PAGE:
Defense attorney Richard Jasper argued the former owner of the Hello Gorgeous hair salon would pose no threat if imprisoned with other notorious gangsters and terrorists in the fortress-like lockup in Florence, Colo., “the biggest, baddest house in the federal system,” where “everybody is in lockdown.”
He urged jurors to follow their consciences and “suspend the work of death until Vincent Basciano dies in a federal prison by himself — in God's time, not man's.”
The jury indicated on their verdict sheet that it didn't buy prosecutors' argument that Basciano posed a future threat. Ten of the 12 jurors wrote their decision also was based on the fact that other mobsters who “have admitted to an equal or greater number of serious crimes … are not facing the death penalty.”
Throughout the capital case, Basciano was a colorful presence in the courtroom. He had won Garaufis' approval to wear a wardrobe of five different suits — one for each day of the week — and always kept his full head of gray hair carefully coiffed.
He also gave regular pointers to his lawyers and even sparred with the judge at length over whether he could introduce new evidence while testifying on his own behalf.
“I can't properly defend myself,” he complained in one rant before deciding not to take the stand.
Last year, the judge asked the Department of Justice to reconsider bringing a death penalty case — which at the time had already cost taxpayers more than $3 million — against a defendant who was already serving life without parole for a 2007 conviction. The U.S. Attorney's office in Brooklyn also was defying modern history: There's been only one federal defendant — convicted police killer Ronell Wilson — sentenced to death in the city since 1954, and that decision was overturned on appeal.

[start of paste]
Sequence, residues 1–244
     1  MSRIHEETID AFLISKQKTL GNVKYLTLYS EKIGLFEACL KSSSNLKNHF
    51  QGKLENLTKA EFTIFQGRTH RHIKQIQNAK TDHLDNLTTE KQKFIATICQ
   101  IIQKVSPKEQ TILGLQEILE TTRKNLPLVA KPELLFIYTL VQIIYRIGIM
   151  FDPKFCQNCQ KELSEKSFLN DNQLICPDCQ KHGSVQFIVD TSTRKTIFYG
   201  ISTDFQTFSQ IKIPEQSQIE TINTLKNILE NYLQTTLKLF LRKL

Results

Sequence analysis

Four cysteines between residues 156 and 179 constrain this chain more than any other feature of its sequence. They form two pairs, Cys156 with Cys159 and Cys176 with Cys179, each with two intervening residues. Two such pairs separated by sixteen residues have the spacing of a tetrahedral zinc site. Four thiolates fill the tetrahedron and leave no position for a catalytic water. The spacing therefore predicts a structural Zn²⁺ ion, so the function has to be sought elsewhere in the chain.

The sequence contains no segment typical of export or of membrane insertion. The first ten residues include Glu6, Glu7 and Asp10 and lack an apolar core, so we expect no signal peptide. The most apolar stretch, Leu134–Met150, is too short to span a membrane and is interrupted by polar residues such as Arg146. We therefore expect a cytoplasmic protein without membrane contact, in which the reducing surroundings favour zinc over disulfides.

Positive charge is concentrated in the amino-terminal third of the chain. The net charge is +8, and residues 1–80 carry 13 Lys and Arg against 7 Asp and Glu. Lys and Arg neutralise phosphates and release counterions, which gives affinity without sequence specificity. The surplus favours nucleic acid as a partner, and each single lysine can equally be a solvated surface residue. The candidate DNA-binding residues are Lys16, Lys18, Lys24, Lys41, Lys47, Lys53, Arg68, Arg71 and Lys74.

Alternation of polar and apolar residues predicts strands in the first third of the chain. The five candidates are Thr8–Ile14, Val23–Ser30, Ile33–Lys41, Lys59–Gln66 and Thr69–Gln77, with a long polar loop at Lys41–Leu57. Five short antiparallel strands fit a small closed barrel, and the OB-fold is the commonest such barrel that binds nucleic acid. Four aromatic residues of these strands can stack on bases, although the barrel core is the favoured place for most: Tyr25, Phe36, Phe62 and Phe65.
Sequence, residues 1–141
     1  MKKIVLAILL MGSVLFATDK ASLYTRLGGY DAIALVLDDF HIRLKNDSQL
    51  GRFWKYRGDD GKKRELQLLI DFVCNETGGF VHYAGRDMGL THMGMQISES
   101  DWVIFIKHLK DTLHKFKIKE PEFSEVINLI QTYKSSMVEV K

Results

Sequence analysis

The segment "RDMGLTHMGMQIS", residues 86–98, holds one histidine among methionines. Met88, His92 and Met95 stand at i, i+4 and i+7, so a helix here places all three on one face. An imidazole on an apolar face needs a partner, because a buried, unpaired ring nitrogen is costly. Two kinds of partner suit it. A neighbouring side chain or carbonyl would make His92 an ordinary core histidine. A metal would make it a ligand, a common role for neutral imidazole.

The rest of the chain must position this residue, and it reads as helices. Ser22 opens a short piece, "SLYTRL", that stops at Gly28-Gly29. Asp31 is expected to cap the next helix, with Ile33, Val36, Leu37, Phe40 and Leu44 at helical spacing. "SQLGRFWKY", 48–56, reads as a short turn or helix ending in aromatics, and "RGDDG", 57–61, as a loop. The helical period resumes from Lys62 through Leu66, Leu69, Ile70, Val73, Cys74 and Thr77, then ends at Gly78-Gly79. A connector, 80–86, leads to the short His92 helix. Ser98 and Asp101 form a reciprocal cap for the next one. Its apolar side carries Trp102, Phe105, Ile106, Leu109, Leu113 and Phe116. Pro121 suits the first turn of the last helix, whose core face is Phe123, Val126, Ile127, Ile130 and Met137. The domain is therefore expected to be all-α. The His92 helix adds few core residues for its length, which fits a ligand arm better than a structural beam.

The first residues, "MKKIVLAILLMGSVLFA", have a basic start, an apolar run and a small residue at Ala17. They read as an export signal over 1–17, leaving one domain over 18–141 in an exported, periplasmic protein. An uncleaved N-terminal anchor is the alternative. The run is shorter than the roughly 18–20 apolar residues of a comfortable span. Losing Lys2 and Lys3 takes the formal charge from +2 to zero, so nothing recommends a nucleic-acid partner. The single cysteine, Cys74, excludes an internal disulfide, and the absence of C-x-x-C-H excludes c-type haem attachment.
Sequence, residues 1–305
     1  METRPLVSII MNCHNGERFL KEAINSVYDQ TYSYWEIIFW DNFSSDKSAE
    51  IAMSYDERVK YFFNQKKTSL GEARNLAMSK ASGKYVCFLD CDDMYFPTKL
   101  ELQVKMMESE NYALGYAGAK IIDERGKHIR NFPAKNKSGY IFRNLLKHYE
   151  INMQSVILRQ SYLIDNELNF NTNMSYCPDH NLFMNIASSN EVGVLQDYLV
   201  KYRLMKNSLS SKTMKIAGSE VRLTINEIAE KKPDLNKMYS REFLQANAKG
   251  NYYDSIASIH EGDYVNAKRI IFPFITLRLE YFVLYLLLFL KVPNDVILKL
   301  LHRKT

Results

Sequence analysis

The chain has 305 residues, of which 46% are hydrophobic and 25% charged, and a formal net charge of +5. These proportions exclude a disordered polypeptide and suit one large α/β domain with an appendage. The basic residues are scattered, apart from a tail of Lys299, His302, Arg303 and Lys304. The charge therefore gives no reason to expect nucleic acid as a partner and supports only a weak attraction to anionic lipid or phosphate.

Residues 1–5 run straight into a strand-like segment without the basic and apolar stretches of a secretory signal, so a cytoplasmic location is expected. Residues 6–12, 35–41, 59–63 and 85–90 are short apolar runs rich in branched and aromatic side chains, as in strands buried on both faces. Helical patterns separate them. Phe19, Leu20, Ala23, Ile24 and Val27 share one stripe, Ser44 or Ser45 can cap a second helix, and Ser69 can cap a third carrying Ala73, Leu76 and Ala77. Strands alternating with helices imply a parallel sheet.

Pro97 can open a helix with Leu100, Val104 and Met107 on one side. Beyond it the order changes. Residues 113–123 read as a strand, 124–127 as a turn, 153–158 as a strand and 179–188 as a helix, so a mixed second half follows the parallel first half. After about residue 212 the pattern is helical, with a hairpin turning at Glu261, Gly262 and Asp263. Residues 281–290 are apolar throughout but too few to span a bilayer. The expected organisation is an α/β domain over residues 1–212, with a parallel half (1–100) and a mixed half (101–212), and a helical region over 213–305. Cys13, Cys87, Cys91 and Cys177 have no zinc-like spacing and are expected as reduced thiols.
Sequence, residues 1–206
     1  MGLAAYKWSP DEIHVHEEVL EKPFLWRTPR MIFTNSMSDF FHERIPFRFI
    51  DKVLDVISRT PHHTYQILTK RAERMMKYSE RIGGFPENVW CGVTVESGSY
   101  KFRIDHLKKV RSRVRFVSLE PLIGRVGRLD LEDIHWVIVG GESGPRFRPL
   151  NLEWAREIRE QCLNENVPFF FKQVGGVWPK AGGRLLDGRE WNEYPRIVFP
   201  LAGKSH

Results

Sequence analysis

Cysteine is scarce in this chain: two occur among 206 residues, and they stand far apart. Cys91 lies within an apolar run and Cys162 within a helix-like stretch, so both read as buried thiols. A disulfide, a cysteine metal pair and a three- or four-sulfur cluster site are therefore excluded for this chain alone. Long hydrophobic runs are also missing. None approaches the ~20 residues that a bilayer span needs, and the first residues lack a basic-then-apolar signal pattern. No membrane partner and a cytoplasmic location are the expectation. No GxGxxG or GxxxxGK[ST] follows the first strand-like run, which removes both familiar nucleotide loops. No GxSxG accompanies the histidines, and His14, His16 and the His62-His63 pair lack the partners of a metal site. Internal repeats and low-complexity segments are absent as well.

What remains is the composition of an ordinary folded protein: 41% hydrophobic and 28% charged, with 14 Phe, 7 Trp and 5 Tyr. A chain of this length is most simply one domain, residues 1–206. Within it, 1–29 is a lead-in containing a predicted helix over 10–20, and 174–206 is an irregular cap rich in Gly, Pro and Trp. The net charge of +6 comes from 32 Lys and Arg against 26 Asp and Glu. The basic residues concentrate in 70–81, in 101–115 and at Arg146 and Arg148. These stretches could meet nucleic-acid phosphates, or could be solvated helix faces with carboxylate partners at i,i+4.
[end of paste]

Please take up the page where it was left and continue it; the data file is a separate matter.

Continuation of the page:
But prosecutors decided to press ahead anyway and showcase the straight-talking Massino at the guilt and penalty phases of the trial.
Massino, 68, broke his family's sacred vow of silence and began talking with investigators after his 2004 conviction for orchestrating a quarter-century's worth of murder, racketeering and other crimes as he rose through the ranks of the Bonannos. The bloodshed included the shotgun slayings of three rival captains and the execution of a mobster who vouched for FBI undercover agent Donnie Brasco in the 1980s. Brasco's story became a movie starring Johnny Depp and Al Pacino.
While imprisoned together in 2005, the former Bonanno boss agreed to wear a wire and betray Basciano by recording their jailhouse banter.
Jurors heard one recording of Basciano boasting, “I'm a hoodlum. I'm a tough guy. Whatever happens happens. Let's go.” In another, a wistful Massino mused about the demise of the family.
“We was OK until I got pinched,” he said. “We was on top of the world.”
MARSING, Idaho (AP) — To his neighbors, he was Jay Shaw, the guy with the vaguely New York accent. He was known for fixing computers, buying everything with cash, raising cows and knowing how to handle a gun.
To the FBI, he was a New England mobster who vanished in 1994 after a botched attempt to whack his boss.
On Wednesday, the 42-year-old dark-haired man, dressed in a yellow jumpsuit and his hands cuffed behind his back, strolled into a courtroom in Boise, sat down at a table and spoke calmly to a judge.
“My name is Enrico M. Ponzo,” he said.
After the judge read a long list of charges against him, Ponzo replied: “Not guilty, your honor.”
Ponzo, 42, (pictured in 1994) appeared relaxed during his 40-minute court appearance, at times smiling at a handful of friends nearby and exchanging laughs with his attorney. He told the judge he is originally from Boston.
To the people who knew him in Marsing, a farming and ranching town southwest of Boise, the news about the man they called by his nickname “Jay” for the past decade pushed them to dig deep into their memories for signs of an elaborate hoax.
“It was probably all just fiction,” said rancher Bodie Clapier, 52, (pright) whose family owns about 1,000 acres and lived next door.
Authorities said Ponzo had been living in Marsing under the name Jeffrey Shaw, but they declined to say how the FBI discovered him. During his arrest Monday, agents seized 38 firearms, $15,000 and a 100-ounce bar of either gold or silver.
Ponzo's farm is pictured above.
Click the link below to read the rest of the story by Associated Press writer Jessie L. Bonner.